Corporate Strategy

Work until you drop: how the long-hours culture is killing us

parent working on laptop

Employees today all over the world are under constant pressure to work longer hours and take less time off, but this push towards productivity does more harm than good. Believe it or not 9 out of 10 Brits admitted to dragging themselves to work even when they fell sick. Over half the population admits to having taken no sick days at all in the last 6 months.

Taking less time off might seem like it will result in greater success for the company and the employees alike, but the opposite is true. Not only are workers more prone to illness and stress, but overworking employees is shown to lead to less success.

The long-hour culture might just be killing all of us, from high-level executives to entry-level employees. In this talent crisis, it’s important for those responsible for employee welfare to find new ways to combat burnout and promote a healthy work-life balance in the workplace. Let’s examine the real-life effects of this non-stop work culture.

The reality of today’s workplace

The United Kingdom boasts the longest work week in Europe. Today, the Working Time Regulations implement just how much time can legally spend working, but this wasn’t always the case. Workers in the UK, on average, spend 43 hours a week working. That’s 3 hours over the EU average.

Unfortunately, those who aren’t willing to put in the long hours or skipped sick days are seen as less committed to their career and the company’s success. This leads to harsh pressure to work long hours, never take days off, and work till you drop. Half of all employees feel their workplace is unhealthy, and this points to the growing problem of worker burnout.

Today, overtime and extra hours are expected. Taking time off for sick days and holidays feels like it’s frowned upon if you want to get ahead. This is the reality of the workplace today, and something has to change soon if we want to salvage our collective wellness and health.

Overworking Leads to Burnout

We all know this extra work is not sustainable long-term. We’ve all felt the stress after a seemingly endless workweek. This chronic stress is shown to be bad for employees. Employees who are overworked lose the ability to stay productive, and they’re more likely to look elsewhere for workplace fulfilment.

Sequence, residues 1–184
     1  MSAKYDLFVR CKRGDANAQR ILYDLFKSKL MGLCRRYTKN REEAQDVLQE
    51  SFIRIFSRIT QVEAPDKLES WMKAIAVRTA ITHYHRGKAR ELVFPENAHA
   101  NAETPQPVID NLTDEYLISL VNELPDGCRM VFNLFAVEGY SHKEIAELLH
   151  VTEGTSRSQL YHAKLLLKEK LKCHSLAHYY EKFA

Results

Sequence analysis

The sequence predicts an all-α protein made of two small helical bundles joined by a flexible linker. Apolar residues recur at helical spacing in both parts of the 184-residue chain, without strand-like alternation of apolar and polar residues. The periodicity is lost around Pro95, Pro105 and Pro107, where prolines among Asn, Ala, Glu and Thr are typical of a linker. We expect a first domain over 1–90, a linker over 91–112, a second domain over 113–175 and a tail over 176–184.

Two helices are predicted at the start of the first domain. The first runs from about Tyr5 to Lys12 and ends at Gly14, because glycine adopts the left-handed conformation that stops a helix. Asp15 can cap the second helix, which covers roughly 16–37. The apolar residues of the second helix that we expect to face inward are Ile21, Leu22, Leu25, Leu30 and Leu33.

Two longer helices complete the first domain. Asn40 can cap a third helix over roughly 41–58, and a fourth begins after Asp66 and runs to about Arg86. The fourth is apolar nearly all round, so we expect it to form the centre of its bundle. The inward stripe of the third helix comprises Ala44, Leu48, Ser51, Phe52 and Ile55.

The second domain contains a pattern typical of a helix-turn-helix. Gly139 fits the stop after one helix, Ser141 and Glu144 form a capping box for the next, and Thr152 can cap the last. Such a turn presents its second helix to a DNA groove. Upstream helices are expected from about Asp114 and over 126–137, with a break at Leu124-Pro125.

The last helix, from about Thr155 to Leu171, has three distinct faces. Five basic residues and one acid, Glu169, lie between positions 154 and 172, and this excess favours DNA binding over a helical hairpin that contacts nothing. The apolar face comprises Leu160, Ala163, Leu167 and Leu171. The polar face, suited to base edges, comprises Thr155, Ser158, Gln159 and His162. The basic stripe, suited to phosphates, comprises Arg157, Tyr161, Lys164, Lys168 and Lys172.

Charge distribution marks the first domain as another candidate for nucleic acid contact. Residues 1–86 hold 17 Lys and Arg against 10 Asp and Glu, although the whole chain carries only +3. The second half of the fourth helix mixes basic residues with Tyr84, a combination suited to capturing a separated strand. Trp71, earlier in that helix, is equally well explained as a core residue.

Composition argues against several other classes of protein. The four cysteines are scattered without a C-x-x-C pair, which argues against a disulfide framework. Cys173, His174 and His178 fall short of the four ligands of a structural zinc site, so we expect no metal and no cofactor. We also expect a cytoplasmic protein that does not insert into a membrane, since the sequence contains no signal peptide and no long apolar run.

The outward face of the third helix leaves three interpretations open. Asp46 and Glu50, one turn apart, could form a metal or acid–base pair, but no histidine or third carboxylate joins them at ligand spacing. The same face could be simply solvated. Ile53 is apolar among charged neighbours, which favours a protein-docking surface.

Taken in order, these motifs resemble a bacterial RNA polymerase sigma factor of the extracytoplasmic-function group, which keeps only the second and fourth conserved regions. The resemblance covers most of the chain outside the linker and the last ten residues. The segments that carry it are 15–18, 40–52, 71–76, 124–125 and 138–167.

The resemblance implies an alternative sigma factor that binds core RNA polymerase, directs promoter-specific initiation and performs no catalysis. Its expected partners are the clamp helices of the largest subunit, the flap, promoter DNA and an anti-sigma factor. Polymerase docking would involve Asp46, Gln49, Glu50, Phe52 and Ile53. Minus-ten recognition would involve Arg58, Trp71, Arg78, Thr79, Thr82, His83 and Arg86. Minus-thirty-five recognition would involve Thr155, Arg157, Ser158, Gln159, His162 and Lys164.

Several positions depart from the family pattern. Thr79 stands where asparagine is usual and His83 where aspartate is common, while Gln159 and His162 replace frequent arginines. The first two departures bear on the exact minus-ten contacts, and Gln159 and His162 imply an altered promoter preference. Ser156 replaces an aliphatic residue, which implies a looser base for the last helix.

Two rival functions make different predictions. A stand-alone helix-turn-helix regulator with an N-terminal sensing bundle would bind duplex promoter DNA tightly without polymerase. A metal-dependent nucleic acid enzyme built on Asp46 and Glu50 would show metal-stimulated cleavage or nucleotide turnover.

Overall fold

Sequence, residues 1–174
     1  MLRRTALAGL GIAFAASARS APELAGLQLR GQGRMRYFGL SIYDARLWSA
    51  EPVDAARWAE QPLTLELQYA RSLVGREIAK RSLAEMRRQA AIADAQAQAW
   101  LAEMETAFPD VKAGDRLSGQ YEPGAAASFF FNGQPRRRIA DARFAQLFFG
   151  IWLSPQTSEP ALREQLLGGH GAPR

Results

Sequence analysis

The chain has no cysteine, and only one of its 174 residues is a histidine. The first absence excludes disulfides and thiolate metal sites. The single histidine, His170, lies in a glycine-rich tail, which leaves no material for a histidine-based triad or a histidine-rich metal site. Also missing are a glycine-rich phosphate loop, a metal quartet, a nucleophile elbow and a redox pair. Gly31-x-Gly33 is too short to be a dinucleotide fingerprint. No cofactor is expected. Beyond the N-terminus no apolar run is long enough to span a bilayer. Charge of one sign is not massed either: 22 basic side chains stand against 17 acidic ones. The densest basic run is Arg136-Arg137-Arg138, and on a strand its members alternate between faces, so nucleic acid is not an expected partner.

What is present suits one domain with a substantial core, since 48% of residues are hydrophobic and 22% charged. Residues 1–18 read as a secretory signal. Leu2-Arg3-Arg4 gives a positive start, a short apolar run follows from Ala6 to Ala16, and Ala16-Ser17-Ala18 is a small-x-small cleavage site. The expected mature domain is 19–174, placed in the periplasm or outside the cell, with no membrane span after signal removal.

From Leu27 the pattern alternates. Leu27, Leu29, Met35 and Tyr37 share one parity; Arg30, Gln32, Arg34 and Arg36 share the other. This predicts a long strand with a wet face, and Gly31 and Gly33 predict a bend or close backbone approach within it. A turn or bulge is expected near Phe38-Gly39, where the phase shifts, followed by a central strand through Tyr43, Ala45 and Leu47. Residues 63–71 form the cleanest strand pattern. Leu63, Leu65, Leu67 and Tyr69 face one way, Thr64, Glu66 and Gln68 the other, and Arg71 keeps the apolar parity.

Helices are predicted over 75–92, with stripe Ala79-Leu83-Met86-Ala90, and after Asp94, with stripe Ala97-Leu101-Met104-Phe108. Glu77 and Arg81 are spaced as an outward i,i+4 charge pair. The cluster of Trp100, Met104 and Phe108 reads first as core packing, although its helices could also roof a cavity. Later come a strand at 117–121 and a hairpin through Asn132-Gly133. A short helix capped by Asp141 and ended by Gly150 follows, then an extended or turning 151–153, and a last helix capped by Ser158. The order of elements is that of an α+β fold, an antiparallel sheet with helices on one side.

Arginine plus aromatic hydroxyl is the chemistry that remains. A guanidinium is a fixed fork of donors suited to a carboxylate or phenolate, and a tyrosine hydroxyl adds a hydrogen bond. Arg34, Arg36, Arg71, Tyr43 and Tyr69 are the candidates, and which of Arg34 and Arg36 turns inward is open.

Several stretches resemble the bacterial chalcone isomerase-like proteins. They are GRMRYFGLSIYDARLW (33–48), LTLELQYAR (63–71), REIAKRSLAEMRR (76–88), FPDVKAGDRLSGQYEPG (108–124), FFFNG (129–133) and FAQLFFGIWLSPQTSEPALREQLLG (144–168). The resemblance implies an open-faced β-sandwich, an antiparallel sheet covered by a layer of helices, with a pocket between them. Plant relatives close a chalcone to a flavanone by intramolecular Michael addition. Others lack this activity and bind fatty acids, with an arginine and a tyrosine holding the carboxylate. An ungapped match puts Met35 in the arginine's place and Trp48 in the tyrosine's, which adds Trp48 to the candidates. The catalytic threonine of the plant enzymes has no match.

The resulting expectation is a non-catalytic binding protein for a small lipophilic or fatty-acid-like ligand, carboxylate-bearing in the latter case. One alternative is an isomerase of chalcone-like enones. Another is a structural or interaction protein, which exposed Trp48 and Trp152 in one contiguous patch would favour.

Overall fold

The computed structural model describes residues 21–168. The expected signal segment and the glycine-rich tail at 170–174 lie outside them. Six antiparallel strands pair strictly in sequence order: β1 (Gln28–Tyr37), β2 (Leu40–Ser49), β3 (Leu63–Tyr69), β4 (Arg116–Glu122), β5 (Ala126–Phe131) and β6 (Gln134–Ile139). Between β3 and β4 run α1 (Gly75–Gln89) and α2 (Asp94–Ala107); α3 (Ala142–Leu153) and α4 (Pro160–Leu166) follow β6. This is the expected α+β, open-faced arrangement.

46% of surveyed HR leaders cited employee burnout as half of their annual employee churn volume. This statistic means it’s time for HR professionals to combat the issue of burnout head-on if they want to retain their best employees. Overworking leads to lower productivity, and that’s a problem all businesses need to take seriously.

Changing the perspective

HR leaders need to call for a shift in focus from productivity to engagement across professionals. Happy employees who aren’t overworked are 12% more productive, and this pays off in significant ways for organisations. Working fewer hours also means fewer errors and less exhaustion amongst all levels of employees.

Another way companies can combat burnout is by finding new ways to address the workday. Flexible work hours and remote workers are on the rise, as are generous mental health absence days, such as duvet days. Websites such as this one make it easy for employees to track their own hours and progress, and that allows everyone more freedom to work when they’re most productive. This is a win/win more businesses should get behind if they want to keep top performers.

While today’s workday was established to protect the health of workers, we’ve seen a recent shift back towards unsustainable methods of the past. Not only does overworking lead to burnout and low employee satisfaction, but it doesn’t actually help the company succeed. Together, we need to find new ways to address the culture of long-hours before it kills us.